“Postmedia’s review of Ficom enforcement hearings shows an increase in the number of alleged mortgage fraud cases in B.C., mostly linked to private mortgage lenders and mortgage brokers. ‘We have experienced an increase in mortgage broker complaints in the last few years,’ Chris Carter, acting registrar of mortgage brokers, confirmed. ‘About a third of our investigations relate to application fraud.’”

“As a result of the flood of money pouring from Mainland China into Vancouver real estate in recent years, some financial experts say they believe Canadian banks are directly exposed to shadow lending in China and the risks of so-called ‘ghost collateral’ — meaning collateral that may not exist or is used continuously to secure loans for multiple borrowers. Postmedia confirmed that Canadian banks are allowed by the federal regulator, the Office of the Superintendent of Financial Institutions, to accept collateral from China to secure real estate mortgages in B.C.”

“One U.S. hedge fund manager, who did not want to be identified, said: ‘We all know that the ghost collateral is a huge deal, and we all know that the shadow banking and other Chinese influence in Vancouver is profound. The issue it that the ghost collateral ends up re-hypothecated and laundered. So by the time it shows up in Vancouver, it will likely just look like a rich Chinese cash buyer with a suitcase of money.’”

From Macleans. “A year after getting married, Alex Taylor and Rachel Tuttle decided it was time to buy a home and start a family. But soon after starting the hunt in 2015, their hopes were dashed. Detached homes were averaging $1.2 million, and even though Taylor and Tuttle qualified for a mortgage, they would have faced steep monthly payments of $4,000. They adjusted their expectations and set their sights on a townhouse on the outskirts of the city. Still, the cost was too high. ‘It felt very risky to put that much of your savings into one investment,”’ says Tuttle.”

“Taylor is tired of talking about the issue. ‘I know it’s mean to say and I know it would hurt those of our friends who completely over-extended themselves,’ he says, ‘but honestly, we’re praying for a crash.’”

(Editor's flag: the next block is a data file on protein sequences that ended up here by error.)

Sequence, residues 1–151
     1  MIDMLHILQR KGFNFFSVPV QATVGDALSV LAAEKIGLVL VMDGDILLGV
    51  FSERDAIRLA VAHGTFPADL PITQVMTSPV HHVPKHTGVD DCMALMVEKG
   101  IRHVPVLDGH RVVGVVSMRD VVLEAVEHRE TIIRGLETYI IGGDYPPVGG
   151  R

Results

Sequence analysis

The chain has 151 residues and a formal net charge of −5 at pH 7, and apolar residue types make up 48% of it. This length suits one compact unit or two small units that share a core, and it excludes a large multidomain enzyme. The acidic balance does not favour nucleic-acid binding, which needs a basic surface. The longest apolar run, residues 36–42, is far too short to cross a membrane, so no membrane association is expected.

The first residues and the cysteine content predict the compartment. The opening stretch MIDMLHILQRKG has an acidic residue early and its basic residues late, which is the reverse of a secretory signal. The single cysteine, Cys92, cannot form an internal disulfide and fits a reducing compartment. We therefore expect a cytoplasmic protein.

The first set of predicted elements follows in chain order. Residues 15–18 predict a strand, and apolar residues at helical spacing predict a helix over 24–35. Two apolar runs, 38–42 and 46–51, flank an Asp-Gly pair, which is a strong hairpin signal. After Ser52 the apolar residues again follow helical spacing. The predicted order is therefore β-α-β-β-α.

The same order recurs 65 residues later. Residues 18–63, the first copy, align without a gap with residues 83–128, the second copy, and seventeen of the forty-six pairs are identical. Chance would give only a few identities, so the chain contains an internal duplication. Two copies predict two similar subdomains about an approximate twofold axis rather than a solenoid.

“He’s not the only one. In May, sales dropped 20 per cent compared to the year before in the Greater Toronto Area while active listings surged 42.9 per cent from a record low. Those are the kinds of numbers that cause indebted homeowners to sweat, but serve as a balm for those on the sidelines in Toronto: like Taylor in B.C., many now openly cheer for the market to collapse.”

“The Financial Consumer Agency of Canada found the number of households with a HELOC and a mortgage against their home has increased nearly 40 per cent since 2011, prompting commissioner Lucie Tedesco to caution this month the trend ‘may lead Canadians to use their homes as ATMs.’ Last year, Canadians withdrew $12.8 billion in home equity to fund renovations, according to Scotiabank Economics, and another $3.6 billion for ‘other’ purposes.”

“‘A lot of people have these totally unsustainable lifestyles they’re only able to pull off because, by doing nothing but sit on their ass, their net worth goes up by a few grand every month,’ says Toronto resident Phillip Mendonça-Vieira. ‘I don’t think there’s anyone who doesn’t own property who’s not secretly, like, ‘F–k you, guys. This is unsustainable.’”

From The Tyee. “You’ve heard it a million times. The reason so few of us can afford Vancouver is because there aren’t enough new homes being built. This is the version of reality that real estate industry leaders and their political allies want us to believe. But an investigation of the industry by The Tyee has revealed reality to be much more complex.”

“Over the past six months I spoke at length with financial analysts, economists, industry consultants, realtors and many others to learn the true causes of Vancouver’s housing crisis and who is profiting from it. They were in broad agreement that real estate is at the centre of a massive realignment between our society’s rich and poor — and one that few leaders in the industry seem willing to publicly acknowledge.”

“Real estate has historically been a local industry. The people who buy and sell a city’s homes tended to live in that city. Yet that all began to change a decade or so ago. And one of the major reasons for it is a big shift in our global financial system. It’s a complicated subject. But what you need to know is that the global capital investors use to invest in things is growing much faster than the actual economy. There is so much capital, investors don’t know what to do with it all.”